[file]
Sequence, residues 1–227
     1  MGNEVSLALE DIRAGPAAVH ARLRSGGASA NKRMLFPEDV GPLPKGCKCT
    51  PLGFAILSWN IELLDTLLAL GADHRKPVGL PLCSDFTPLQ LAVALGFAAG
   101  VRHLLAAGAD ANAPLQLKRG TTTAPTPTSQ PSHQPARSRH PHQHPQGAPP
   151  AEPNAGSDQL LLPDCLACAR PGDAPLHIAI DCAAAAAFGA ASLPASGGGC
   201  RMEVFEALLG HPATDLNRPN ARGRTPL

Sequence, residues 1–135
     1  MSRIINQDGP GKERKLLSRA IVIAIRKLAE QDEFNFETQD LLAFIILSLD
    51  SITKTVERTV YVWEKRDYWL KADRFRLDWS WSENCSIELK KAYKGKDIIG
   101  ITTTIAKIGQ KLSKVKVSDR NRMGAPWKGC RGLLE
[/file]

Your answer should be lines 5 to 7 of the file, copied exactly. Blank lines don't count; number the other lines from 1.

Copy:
   151  AEPNAGSDQL LLPDCLACAR PGDAPLHIAI DCAAAAAFGA ASLPASGGGC
   201  RMEVFEALLG HPATDLNRPN ARGRTPL

Sequence, residues 1–135